MUNICH (Reuters) - An Israeli raid on Iran's nuclear facilities would deliver a painful shock to the global economy, revive flagging Islamist militancy and possibly drag the United States into a regional war whether it backed its ally's attack or not.
As if that prospect was not alarming enough, any doubts Tehran entertained about the wisdom of building a nuclear weapon would vanish the moment the strike occurred.
These longstanding U.S. and European assumptions about the consequences of an Israeli attack on Iran are being re-examined with greater urgency in Western capitals after repeated warnings by Israel that the chance of a peaceful resolution may be closing.
There is concern that Israel may attack in coming months to disrupt the transfer of parts of Iran's nuclear development work to an underground site south of Tehran that may be invulnerable to conventional bombing.
Western experts want Israel to think long and hard before embarking on a raid many suspect would spark a broader conflict.
"Whoever attacks Iran's nuclear infrastructure is really making the decision to go to war with Iran," Richard Burt, a former chief U.S. negotiator at strategic arms reduction talks, told Reuters on the sidelines of the Munich Security Conference.
"We are talking about a range of great uncertainties, all of them basically negative, so this is one reason why consistently the joint chiefs of staff of the uniformed military in the U.S. do not like the idea of attacking Iran."
Analysts detect a growing gap between Israeli and Western views on using force against Tehran's nuclear programme, which Tehran says is purely for peaceful purposes but the West suspects is aimed at acquiring a nuclear weapons capability.
The New York Times recently reported that Israeli leaders, based on intelligence estimates and academic studies, had taken the view that an Israeli attack on Iranian nuclear installations would not produce such catastrophic events as regional war, widespread attacks by militants and massive oil price rises.
The newspaper said that Israeli leaders and agencies believe that Iran's threats to retaliate against Israeli and Western targets if attacked were "overblown" and partly bluff.
Asked to spell out the consequences of a strike, Israeli Deputy Foreign Minister Danny Ayalon said that he not want to explore a hypothetical question, arguing any risks "would be dwarfed in comparison to the danger of a nuclear Iran".
"One thing is clear," he told Reuters. "If Iran becomes nuclear then it's the end of world order as we know it ... This is what we have to think about, and not about what will happen in case some action is being taken.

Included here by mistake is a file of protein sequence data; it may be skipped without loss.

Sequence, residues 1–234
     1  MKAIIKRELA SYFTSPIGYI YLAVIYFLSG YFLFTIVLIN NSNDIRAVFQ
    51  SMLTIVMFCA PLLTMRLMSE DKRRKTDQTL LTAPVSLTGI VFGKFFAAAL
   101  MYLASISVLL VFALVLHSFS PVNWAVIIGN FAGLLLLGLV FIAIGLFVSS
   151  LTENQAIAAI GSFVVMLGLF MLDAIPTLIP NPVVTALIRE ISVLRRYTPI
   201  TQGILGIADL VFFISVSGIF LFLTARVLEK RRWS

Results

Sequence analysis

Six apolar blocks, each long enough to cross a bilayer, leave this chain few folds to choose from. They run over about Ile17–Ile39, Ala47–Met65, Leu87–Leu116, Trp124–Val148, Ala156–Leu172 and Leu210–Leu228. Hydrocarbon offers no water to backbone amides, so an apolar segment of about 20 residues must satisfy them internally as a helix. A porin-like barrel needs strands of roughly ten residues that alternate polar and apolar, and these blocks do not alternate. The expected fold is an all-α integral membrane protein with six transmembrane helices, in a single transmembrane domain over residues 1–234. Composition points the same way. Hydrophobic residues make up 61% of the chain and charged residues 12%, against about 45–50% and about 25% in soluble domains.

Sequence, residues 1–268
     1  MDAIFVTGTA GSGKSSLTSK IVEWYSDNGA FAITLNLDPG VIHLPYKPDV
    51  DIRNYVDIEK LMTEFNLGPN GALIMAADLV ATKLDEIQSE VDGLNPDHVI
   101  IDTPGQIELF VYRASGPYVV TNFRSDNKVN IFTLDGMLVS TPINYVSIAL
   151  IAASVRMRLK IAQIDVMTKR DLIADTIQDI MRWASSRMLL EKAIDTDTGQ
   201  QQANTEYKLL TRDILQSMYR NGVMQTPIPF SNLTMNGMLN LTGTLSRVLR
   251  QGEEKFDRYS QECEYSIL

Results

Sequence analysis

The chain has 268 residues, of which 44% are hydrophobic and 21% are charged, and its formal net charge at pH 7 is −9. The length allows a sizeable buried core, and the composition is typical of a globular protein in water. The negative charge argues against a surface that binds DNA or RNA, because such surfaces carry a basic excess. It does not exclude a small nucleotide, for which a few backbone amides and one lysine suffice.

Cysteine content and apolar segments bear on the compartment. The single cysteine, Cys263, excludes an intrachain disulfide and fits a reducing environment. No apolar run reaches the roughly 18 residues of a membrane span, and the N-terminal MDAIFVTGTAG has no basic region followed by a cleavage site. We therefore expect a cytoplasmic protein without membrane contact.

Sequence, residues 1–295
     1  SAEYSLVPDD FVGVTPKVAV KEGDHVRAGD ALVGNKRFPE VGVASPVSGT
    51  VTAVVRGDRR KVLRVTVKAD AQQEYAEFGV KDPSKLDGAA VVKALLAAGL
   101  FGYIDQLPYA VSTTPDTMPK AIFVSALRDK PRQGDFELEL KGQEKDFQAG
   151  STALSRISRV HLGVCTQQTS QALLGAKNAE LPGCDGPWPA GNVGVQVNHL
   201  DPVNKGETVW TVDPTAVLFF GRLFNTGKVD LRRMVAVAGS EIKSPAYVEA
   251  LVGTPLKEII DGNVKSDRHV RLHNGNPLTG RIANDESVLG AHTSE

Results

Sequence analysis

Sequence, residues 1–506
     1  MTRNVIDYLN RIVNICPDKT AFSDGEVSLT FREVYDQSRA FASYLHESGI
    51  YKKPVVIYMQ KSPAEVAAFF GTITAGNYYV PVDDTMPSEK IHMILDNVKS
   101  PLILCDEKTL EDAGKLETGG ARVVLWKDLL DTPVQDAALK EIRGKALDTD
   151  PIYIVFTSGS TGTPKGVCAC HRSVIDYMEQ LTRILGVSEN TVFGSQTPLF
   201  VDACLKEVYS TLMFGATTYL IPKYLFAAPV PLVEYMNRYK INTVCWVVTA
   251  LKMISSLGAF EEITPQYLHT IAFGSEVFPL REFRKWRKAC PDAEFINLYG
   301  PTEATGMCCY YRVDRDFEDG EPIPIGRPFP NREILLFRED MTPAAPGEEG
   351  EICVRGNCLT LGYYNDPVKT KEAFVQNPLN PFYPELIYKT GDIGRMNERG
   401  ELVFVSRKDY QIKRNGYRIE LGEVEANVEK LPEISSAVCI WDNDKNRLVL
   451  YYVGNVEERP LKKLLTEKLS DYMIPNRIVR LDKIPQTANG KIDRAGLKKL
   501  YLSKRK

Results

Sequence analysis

U.S. newspaper The Washington Post reported last week that Defense Secretary Leon Panetta believed Israel was likely to bomb Iran within months to stop it building a nuclear bomb.
Panetta declined to comment. But his alleged remarks and other Obama administration statements indicate the White House is focused on dissuading Israel from taking action - and distancing itself from an Israeli strike if persuasion fails.
The consequences of an Israeli attack would be wide-ranging and destabilising.
Iran would expel International Atomic Energy Agency inspectors and quit the Nuclear Non-Proliferation Treaty, ending any possibility of a negotiated solution to the nuclear issue.
"There is not a country on Earth that is going to blame them for doing that, they are all going to blame Israel. Once Iran is out of the NPT, the sanctions are gone," Ken Pollack, director of the Saban Center for Middle East Policy at the Brookings Institution, told Reuters.
Leaving the NPT would disrupt the sanctions regime since its measures are predicated upon enforcing treaty compliance.
Experts say a raid would only delay, not destroy Iran's programme. And once it had recovered, Iran would probably seek to develop nuclear weapons. Jon Alterman, director of the Middle East program at Washington's Center for International and Strategic Studies, told Reuters Iran would redouble "efforts to develop a deterrent so it never happens again."
A strike on Iran and Iran's response, including attempts to close the Strait of Hormuz, which is vital for oil shipments, or an attack on Saudi oilfields, would lead to a sharp rise in oil prices that could seriously harm the U.S. economy, jeopardizing President Barack Obama's chances for re-election.
Saudi Arabia would be forced to use all its spare output capacity, a crucial safety cushion for oil markets.
But the most serious fears debated at oil trading desks include the possibility of Iran mining the straits, attacking ships as it did during the Iran-Iraq war, or challenging the legality of the passage of some vessels through its territorial waters.
In the event of a big stoppage the consuming nations' International Energy Agency would very likely release emergency government stocks to tame prices, as it did in June last year when Libyan output was lost.
Israel's Ayalon argues that a nuclear-armed Iran would pose a greater threat to the oil market as it could dictate prices. "It will be the end of the free flow of oil from the Gulf."
Tehran has warned several times it may seal off the Strait of Hormuz, choking the supply of Gulf crude and gas, if attacked or if sanctions mean it cannot export its oil.